A SMSF has investment restrictions. The superannuation law doesn’t state exactly what a fund can and can’t invest in. However, it does restrict some investment practices.

The investment restrictions aim to protect fund members by making sure fund assets are not overly exposed to undue risk (e.g. the possible risk of an associated business failing).

Furthermore, SMSFs must make investment decisions with the primary purpose of generating retirement benefits for members. SMSFs are not to provide current day support to members, employer-sponsors or their associates.

Failure to comply with SMSF investment rules could result in trustees being fined and/or the fund losing its compliance status. SMSF trustees are also prohibited from lending money, or providing financial assistance from the fund, to a member or a member’s relative. The use of a fund asset by a member or a member’s relative for no cost (or as a guarantee to secure a personal loan) would be in breach of this investment restriction.

SMSF Borrowing

A SMSF may borrow to invest. The borrowing must have the following features:

  • The borrowing is a ‘Limited recourse borrowing arrangement’
  • Lender’s rights against SMSF trustee for default are limited to the underlying asset
  • Borrowed funds applied for the acquisition are limited to a ‘single acquirable asset’
  • Borrowed funds include repairs and maintenance but not improvements
  • Acquirable asset held on trust so SMSF acquires beneficial interest in asset

Below is a typical structure using borrowed funds to buy a residential property via an SMSF. Note, there is a separate trust in addition to your SMSF called a “Security Trust” that holds the property until the loan is paid.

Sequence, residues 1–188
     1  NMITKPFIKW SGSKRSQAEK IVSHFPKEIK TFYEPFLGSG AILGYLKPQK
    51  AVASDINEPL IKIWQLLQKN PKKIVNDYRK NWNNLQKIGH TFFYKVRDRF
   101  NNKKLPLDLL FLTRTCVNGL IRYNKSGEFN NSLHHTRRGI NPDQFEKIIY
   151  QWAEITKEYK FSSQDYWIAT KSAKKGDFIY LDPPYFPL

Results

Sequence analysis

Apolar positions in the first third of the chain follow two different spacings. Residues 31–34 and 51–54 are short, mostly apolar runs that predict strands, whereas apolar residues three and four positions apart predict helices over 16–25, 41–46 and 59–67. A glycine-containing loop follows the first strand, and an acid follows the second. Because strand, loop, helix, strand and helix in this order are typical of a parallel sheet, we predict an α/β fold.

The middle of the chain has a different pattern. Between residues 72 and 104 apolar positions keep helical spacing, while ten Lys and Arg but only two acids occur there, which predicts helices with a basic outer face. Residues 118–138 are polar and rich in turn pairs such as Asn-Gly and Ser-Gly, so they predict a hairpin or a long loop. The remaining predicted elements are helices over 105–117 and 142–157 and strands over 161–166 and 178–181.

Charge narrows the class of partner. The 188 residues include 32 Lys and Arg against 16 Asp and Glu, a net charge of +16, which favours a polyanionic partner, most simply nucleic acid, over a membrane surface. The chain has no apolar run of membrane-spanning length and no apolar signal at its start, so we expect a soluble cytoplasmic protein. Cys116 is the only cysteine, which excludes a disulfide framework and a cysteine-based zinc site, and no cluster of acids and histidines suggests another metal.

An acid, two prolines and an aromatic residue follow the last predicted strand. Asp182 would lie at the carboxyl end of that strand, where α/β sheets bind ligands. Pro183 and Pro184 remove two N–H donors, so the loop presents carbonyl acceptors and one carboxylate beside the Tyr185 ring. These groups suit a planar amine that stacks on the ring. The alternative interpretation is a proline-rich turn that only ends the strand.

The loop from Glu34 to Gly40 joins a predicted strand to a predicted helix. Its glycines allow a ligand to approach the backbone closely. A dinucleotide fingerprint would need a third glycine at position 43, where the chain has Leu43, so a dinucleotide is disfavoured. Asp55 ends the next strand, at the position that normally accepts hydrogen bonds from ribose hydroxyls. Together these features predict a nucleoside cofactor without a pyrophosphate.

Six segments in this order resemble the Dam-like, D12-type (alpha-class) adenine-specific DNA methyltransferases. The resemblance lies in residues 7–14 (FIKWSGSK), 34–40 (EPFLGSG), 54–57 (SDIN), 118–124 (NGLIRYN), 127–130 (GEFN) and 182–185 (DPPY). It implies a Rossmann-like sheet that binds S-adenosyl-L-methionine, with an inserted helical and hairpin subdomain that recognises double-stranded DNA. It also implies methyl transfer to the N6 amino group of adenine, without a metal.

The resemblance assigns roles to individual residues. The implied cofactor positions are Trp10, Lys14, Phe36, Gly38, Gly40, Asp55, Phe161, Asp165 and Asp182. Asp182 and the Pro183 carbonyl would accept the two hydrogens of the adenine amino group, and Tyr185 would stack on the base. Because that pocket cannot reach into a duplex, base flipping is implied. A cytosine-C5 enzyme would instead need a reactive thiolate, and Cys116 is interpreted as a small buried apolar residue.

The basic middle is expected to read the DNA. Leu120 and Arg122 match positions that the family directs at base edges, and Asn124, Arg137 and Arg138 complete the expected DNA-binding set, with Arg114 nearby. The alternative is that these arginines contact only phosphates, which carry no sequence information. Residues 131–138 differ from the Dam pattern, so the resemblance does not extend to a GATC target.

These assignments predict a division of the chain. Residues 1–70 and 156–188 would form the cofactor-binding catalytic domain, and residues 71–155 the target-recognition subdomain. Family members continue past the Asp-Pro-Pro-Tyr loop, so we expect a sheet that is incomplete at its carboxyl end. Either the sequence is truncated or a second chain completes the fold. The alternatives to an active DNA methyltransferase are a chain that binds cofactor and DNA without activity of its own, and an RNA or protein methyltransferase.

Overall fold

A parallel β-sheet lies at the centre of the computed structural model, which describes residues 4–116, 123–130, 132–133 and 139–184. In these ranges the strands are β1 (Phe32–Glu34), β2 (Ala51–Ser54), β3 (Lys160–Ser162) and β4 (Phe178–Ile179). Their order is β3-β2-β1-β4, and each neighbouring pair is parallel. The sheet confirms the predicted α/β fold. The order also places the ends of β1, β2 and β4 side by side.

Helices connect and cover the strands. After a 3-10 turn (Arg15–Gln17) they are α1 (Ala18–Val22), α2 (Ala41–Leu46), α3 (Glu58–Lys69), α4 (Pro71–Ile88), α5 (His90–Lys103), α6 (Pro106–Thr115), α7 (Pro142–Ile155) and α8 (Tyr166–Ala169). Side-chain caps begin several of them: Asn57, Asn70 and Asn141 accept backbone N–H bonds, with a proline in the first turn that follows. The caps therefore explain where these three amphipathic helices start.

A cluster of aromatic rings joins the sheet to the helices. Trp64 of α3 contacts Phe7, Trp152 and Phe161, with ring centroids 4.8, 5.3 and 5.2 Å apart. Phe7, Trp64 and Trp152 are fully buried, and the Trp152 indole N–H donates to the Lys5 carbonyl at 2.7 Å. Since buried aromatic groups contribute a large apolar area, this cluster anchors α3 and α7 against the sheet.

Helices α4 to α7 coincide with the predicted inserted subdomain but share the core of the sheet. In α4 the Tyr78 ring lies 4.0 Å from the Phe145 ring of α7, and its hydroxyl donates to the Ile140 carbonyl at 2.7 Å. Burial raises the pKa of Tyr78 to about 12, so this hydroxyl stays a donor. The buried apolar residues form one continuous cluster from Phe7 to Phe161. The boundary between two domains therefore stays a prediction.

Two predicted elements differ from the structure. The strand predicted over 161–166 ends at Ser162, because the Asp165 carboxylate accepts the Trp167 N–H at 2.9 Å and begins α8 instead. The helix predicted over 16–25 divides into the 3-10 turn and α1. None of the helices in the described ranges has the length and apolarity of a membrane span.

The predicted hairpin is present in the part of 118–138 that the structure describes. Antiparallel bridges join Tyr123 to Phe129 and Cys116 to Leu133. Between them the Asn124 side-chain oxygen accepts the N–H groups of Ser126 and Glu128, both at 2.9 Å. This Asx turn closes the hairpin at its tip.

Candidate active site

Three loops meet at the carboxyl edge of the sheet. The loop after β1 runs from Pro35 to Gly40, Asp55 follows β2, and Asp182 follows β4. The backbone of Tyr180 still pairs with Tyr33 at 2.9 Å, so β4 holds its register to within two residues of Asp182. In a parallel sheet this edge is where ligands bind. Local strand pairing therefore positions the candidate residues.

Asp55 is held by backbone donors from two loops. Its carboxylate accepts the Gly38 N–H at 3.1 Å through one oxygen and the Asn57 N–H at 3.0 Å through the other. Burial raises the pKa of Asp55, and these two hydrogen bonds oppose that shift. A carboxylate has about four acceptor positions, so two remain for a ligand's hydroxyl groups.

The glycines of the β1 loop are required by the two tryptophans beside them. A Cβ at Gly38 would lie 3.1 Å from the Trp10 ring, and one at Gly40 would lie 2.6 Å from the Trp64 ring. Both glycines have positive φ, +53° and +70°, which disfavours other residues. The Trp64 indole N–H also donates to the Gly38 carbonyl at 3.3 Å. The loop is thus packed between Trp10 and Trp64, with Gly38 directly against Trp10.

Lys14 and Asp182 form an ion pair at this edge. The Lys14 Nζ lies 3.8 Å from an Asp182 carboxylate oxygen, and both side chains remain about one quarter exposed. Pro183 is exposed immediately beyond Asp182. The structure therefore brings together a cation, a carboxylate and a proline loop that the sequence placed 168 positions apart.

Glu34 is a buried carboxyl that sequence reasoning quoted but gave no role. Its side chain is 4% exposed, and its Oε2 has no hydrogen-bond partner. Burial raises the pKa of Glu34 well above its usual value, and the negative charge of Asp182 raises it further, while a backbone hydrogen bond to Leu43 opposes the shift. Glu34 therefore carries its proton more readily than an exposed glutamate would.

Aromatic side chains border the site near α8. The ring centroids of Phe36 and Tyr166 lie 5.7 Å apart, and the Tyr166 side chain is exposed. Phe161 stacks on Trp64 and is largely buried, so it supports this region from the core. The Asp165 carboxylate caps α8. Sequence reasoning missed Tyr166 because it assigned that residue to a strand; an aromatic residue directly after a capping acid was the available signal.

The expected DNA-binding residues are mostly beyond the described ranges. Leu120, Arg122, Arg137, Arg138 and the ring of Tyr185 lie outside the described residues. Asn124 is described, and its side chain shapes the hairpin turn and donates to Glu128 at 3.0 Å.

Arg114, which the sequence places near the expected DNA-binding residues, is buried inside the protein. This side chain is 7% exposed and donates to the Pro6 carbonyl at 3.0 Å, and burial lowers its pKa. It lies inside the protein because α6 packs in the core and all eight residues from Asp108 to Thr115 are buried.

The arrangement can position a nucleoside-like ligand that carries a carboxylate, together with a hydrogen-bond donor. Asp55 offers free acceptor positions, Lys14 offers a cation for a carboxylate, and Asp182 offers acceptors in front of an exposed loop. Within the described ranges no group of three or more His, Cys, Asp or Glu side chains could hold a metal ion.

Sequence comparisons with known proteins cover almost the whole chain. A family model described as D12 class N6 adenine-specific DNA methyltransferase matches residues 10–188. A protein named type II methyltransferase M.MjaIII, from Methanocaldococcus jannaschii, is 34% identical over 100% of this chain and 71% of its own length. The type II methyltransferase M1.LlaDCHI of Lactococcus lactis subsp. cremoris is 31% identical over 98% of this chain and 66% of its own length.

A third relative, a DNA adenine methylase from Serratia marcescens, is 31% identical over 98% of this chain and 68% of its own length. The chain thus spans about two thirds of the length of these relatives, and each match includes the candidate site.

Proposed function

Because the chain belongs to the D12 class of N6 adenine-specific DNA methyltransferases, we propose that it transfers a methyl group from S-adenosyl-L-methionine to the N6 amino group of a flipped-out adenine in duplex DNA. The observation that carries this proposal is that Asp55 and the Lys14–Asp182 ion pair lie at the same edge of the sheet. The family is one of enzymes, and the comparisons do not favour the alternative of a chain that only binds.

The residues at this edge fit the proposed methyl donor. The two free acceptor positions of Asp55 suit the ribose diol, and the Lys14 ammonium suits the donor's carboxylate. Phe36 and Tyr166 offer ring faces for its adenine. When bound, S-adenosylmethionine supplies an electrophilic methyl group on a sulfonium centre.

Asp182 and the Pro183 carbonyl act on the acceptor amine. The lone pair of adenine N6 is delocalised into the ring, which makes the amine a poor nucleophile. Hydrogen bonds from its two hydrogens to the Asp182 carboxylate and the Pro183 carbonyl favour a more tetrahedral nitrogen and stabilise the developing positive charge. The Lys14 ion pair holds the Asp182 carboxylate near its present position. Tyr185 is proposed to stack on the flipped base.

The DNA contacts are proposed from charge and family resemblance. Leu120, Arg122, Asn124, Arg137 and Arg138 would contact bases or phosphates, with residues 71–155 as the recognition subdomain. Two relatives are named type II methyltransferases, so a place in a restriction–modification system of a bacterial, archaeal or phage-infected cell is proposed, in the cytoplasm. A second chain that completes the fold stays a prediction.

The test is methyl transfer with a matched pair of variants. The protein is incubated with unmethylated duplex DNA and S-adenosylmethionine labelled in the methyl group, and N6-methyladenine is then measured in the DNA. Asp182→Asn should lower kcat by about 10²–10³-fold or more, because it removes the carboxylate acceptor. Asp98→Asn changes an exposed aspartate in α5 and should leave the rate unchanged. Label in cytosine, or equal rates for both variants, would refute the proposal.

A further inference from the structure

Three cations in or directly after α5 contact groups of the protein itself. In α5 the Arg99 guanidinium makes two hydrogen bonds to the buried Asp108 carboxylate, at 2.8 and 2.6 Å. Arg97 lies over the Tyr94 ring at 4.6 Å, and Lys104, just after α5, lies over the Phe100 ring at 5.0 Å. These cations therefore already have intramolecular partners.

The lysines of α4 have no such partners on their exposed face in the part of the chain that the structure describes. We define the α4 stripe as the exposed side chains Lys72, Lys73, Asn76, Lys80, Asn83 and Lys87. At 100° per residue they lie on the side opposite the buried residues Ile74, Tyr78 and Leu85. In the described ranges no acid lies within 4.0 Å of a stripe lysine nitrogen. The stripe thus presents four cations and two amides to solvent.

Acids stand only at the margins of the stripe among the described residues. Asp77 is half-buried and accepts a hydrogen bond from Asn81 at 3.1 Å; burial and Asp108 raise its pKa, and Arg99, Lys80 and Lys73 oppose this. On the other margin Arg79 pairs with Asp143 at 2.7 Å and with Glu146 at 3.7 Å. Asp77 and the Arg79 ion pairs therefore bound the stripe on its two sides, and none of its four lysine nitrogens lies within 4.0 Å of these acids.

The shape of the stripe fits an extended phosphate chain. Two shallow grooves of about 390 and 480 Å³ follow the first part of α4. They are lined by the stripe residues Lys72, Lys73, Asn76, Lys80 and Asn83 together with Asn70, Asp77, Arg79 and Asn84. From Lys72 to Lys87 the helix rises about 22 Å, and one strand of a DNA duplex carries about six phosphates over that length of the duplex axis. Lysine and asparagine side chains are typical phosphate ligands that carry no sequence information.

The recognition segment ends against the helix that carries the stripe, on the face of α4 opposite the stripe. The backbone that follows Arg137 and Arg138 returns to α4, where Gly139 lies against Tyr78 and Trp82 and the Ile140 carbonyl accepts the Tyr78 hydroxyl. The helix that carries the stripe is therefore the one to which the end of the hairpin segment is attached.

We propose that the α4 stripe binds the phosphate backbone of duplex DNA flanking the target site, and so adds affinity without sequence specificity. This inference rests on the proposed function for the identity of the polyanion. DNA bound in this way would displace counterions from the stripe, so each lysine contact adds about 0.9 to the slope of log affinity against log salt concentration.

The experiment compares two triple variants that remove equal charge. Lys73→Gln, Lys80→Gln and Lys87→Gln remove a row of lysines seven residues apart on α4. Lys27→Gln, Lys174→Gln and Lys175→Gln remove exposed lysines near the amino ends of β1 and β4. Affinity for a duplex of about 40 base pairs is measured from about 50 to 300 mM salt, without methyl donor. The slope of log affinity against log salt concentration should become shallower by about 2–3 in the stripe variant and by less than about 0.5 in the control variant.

Commonly asked questions

How does my SMSF purchase a property?

The SMSF chooses the asset in the ordinary manner. Property must be purchased in a commercial ‘arm’s length’ manner. Non-Residential property can be purchased from related vendors so long as it is to be used for business purposes. The SMSF obtains the loan approval. All associated costs of acquisition including payment of the deposit are paid in the ordinary manner by the SMSF. On completion of the purchase, the SMSF manages the property in the ordinary manner.

Can fund members occupy the property?

No. If fund members or related persons occupy the property, the ‘in-house asset rule’ will have been breached. The exception is where the property is commercial and the member’s business/ company rents the property from the SMSF on a commercial basis. (i.e. Market rental)

What other restrictions apply?

The SMSF must comply with all regulations applying to superannuation funds. SMSFs must ensure that the level of investment in any asset class is consistent with its investment strategy. This includes diversification, liquidity and maximising member returns.

The government has also made it clear that super funds investing in these types of investments must have appropriate risk management measures in place and must understand the risks of the investment.

Who pays what and when?

As beneficial owner of the property and the borrower of the loan, the SMSF is responsible for paying all usual costs that are expected if an asset was bought outside of super. These costs can include: council rates, water rates, land tax, interest costs, loan repayments, lenders fees, repairs, property management costs, insurance premiums and associated costs if listed investments are purchased.

Harry Moustakas is a specialist SMSF adviser with over 30 years’ experience providing financial advice and direction to individuals, families and businesses.

Feel free to contact Harry or one of the team at Navigate Financial Group who are here to support your financial decision making, leading you confidently into your financial future.

Disclaimer: This article contains information that is general in nature. It does not take into account the objectives, financial situation or needs of any particular person. You need to consider your financial situation and needs before making any decisions based on this information.